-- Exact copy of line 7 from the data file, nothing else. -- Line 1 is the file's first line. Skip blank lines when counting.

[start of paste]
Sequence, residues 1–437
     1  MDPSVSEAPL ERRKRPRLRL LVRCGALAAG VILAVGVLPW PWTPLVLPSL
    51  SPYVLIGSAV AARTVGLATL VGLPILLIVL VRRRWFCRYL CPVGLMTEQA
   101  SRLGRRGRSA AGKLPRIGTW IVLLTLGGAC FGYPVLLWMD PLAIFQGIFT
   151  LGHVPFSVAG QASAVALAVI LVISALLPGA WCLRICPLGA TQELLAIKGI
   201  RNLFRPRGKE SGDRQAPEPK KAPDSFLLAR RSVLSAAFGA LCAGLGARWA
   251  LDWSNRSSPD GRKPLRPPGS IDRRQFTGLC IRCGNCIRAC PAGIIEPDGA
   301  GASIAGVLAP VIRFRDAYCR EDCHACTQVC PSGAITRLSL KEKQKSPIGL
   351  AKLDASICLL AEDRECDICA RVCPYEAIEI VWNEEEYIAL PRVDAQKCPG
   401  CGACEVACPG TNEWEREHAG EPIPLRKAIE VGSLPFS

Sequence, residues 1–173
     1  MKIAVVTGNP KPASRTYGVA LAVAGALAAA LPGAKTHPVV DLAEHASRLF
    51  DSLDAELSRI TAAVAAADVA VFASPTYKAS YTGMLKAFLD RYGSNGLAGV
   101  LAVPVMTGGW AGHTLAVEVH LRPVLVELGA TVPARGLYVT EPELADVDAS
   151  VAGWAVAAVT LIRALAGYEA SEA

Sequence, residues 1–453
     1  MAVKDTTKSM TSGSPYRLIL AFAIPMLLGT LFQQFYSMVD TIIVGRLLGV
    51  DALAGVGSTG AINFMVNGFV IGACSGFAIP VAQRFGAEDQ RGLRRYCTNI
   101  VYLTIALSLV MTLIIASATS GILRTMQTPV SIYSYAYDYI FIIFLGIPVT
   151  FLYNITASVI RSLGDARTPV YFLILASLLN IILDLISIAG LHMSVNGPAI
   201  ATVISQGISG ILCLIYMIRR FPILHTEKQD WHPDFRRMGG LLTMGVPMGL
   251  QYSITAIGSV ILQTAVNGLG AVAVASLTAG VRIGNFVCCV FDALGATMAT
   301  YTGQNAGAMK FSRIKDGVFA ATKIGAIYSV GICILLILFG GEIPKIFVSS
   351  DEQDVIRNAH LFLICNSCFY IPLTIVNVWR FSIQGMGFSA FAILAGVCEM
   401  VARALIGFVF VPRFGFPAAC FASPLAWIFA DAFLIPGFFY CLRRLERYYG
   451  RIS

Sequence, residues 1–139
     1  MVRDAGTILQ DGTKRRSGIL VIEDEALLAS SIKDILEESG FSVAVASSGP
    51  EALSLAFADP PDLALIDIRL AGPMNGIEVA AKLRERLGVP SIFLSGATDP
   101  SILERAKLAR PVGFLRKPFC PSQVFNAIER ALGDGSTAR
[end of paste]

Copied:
   251  LDWSNRSSPD GRKPLRPPGS IDRRQFTGLC IRCGNCIRAC PAGIIEPDGA